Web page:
We’ll keep an eye out for further developments, as we find it one of the more hilarious academic follies of recent years. Trying to impose some sort of sexual restraint on these college kids is going to be challenging, especially without any of that archaic Judeo-Christian superstition or any other commonsensical social rationale redolent of that still-hated patriarchy, and we’ll be interested to see how the dwindling number of male students on our college campuses react to being presumed guilty of sexual assault. Perhaps it should be a condition of enrolling in a school that the student and university sign a statement that explains their reasons for entering such an agreement. The student probably won’t mention a desire to learn the best of his civilization’s knowledge, or to prepare for a lucrative career in the soon-to-be-booming economy, and might even admit that he’s hoping to get some action for taking on a job and a wife. The school will admit that they’re interested in the tuition money that goes up every time the federal student loan program authorizes an increase in debt loads, or they’ll also admit a desire to indoctrinate another middle white class into anti-Americanism. At that point, nobody will be getting any action.

— Bud Norman

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Pomp, Circumstance, and Tyranny

The last time we were asked to address a commencement ceremony was way back in ’77, when our high school graduating class bestowed the honor. All we can remember of the speech are the jokes, the most obvious of which went over well enough, but we’re quite sure that even at such a tender age we weren’t so very stupid as to tell people not to fear tyranny.
That was the advice President Barack Obama offered to the graduates of Ohio State University on Sunday. After warming up the crowd with a few jokes of his own, mostly about football and other topics of local interest, Obama eased into his theme of citizenship. Much of it was typical commencement address fare, full of highfalutin and inoffensively vague statements about participating and persevering and so forth, and much of it was a typical Obama stump speech, extolling the many wonders of big government and such rhetorical flourishes as the Founders leaving us “the tools to do big things and important things together that we could not possibly do alone.” What caught our attention, however, was the typical swipe at the president’s critics.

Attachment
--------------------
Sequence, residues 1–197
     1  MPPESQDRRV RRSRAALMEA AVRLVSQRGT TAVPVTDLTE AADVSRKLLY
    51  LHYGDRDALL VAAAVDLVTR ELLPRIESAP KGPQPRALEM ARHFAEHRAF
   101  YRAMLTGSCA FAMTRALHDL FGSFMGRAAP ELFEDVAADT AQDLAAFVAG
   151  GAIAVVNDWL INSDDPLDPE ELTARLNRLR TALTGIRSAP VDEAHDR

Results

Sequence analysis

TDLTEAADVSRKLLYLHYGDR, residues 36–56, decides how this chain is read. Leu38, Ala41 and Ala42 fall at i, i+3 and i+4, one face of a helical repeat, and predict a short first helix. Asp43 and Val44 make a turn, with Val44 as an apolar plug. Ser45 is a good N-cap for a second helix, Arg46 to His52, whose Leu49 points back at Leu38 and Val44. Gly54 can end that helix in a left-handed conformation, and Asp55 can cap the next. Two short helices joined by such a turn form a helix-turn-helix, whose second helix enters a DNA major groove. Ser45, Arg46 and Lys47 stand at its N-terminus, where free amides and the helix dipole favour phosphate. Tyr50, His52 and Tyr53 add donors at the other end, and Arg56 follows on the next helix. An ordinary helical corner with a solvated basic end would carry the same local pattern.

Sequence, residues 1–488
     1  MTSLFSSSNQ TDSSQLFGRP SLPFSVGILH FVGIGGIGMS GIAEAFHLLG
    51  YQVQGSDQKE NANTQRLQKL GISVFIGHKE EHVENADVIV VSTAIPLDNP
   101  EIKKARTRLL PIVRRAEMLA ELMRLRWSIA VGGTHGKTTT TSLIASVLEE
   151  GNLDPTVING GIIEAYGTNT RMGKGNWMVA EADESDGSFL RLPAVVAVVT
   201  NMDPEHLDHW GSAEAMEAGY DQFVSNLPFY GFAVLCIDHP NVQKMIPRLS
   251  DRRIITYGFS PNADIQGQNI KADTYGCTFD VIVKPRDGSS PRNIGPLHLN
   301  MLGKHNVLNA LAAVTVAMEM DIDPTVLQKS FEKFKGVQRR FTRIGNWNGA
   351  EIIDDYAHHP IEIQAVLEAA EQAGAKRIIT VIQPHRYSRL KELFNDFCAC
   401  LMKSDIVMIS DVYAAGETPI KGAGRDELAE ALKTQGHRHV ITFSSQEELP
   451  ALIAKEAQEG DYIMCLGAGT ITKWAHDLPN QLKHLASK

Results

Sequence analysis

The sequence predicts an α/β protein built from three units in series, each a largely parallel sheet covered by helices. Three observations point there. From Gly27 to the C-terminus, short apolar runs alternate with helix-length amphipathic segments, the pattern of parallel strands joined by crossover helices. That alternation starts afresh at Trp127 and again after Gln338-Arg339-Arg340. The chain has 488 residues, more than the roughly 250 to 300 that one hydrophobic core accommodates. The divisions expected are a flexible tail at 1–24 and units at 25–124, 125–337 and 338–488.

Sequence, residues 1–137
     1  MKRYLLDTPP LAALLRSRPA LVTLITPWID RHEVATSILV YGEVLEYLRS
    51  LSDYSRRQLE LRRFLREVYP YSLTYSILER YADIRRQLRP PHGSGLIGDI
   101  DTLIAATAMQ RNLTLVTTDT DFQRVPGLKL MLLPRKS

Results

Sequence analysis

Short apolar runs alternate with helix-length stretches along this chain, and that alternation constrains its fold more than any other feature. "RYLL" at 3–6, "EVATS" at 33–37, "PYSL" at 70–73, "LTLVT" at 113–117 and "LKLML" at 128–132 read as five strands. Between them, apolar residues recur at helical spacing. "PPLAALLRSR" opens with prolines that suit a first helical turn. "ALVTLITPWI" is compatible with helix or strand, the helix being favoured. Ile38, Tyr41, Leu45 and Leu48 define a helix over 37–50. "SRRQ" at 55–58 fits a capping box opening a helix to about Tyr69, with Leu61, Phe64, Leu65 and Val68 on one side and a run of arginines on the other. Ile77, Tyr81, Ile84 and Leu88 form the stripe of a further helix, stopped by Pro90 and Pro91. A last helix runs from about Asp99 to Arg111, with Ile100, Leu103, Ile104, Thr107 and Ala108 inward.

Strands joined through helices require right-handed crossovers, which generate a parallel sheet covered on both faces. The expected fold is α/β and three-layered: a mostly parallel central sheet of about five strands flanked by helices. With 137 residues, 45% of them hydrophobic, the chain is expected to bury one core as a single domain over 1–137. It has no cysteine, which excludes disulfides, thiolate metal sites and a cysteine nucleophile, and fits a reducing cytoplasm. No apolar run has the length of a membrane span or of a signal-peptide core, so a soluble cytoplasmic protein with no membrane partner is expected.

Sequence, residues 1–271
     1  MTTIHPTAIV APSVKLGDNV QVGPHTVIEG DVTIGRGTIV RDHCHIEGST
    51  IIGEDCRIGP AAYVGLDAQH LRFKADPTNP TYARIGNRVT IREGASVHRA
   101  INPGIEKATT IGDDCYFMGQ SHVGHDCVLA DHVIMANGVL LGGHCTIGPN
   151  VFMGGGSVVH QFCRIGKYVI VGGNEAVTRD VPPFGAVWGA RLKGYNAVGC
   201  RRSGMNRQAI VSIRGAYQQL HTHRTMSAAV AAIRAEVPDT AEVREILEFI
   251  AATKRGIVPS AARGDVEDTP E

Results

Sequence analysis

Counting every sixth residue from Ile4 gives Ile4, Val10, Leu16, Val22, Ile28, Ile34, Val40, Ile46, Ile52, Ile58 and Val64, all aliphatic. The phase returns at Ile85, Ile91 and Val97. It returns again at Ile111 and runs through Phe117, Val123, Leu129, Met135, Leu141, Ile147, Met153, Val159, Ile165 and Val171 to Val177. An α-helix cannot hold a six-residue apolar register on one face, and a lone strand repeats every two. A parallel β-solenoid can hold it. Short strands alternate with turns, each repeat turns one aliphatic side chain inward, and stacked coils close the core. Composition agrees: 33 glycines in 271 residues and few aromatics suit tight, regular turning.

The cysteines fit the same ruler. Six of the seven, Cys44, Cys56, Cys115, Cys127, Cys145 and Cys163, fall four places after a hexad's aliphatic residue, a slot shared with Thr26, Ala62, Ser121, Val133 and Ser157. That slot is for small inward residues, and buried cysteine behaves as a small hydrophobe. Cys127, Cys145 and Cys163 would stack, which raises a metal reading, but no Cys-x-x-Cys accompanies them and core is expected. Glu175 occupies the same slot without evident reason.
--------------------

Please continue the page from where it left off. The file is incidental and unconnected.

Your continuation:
“Unfortunately, you’ve grown up hearing voices that incessantly warn of government as nothing more than some separate, sinister entity that’s at the root of all our problems; some of these same voices also doing their best to gum up the works,” Obama said. “They’ll warn that tyranny is always lurking just around the corner. You should reject these voices. Because what they suggest is that our brave and creative and unique experiment in self-rule is somehow just a sham with which we can’t be trusted.”
The president did not name these critics, although his audience was surely curious to know. Despite a steady diet of talk radio, conservative news outlets, and the company of fellow right-wingers, we can’t think of anyone who argues that democracy should be replaced and rule entrusted to some enlightened elite. We used to hear such talk often from our liberal friends, but that was back when a Republican was in the White House and we suspect those are not the people Obama was talking about.
There are plenty of people who argue that the government is becoming increasingly separated from the people, that it is sometimes sinister and at the root of many problems, and they make a strong case for gumming up the works, but we have never heard them say that the people can’t be trusted. We believe that certain individual rights should be constitutionally protected from the proper will, so perhaps the president meant us, but the Founders also gave us that tool and we expect that even Obama will be eager to use it when the topics of homosexual rights and abortion come back around.
If tyranny isn’t lurking around the corner, it is only because this country has traditionally been on guard against it. Immutable human nature compels those in power in to seek more power, and only the resistance of a stubbornly independent people can’t prevent them from doing so. Obama has not proved an exception to this rule of history, and it is hoped that even a stadium full of college-educated twenty-somethings will be wary.

— Bud Norman